An Aussie Computer Programmer Says Everybody Heard Wrong
Neil Armstrong made history both when he stepped off the Eagle
onto the floor of the Moon's Sea of Tranquility, and when he made
his oft-quoted "giant leap" statement.
According to Australian computer programmer Peter Shann Ford,
Armstrong's famous utterance has been misquoted all these
As recorded in the history books, when Armstrong stepped off the
lander he said, "That's one small step for man, one giant leap for
mankind." He's maintained he thought he'd included the word
"a" in front of man -- and if he didn't, he'd meant to.
That would have changed the statement to "That's one small step
for a man, one giant leap for mankind," making it both
grammatically correct, and of course, much more dramatic.
Ford says he nabbed a copy of the original recording of
Armstrong's 1969 transmission from NASA's website. Using a
computer, he carefully analyzed the original recording and claims
he found evidence of the missing word.
For his part, Armstrong, who has taken great pains to eschew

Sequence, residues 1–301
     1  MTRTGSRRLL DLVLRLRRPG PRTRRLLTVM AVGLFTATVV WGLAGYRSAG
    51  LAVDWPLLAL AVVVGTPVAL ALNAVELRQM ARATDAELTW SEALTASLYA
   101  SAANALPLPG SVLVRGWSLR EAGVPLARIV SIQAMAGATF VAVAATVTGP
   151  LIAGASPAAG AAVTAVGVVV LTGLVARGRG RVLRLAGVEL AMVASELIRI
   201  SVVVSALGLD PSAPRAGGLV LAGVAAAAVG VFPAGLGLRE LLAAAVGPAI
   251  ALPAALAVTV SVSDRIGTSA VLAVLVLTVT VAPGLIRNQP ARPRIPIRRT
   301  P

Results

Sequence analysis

celebrity since his history-making spaceflight and moon walk,
continues to maintain he said "a man," but has quietly accepted the
version printed and broadcast so many times since.
Armstrong told the Associated Press, "I have reviewed the data
and Peter Ford's analysis of it, and I find the technology
interesting and useful. I also find his conclusion persuasive.
Persuasive is the appropriate word."
How truly remarkable that Armstrong, arguably one
of the twentieth century's most recognized figures, feels no
personal need to "correct" anything.
We're with you Neil. Let everyone argue about how
you "said" it; they all know you're the one who "did" it. And we're
fairly certain that part of history won't change!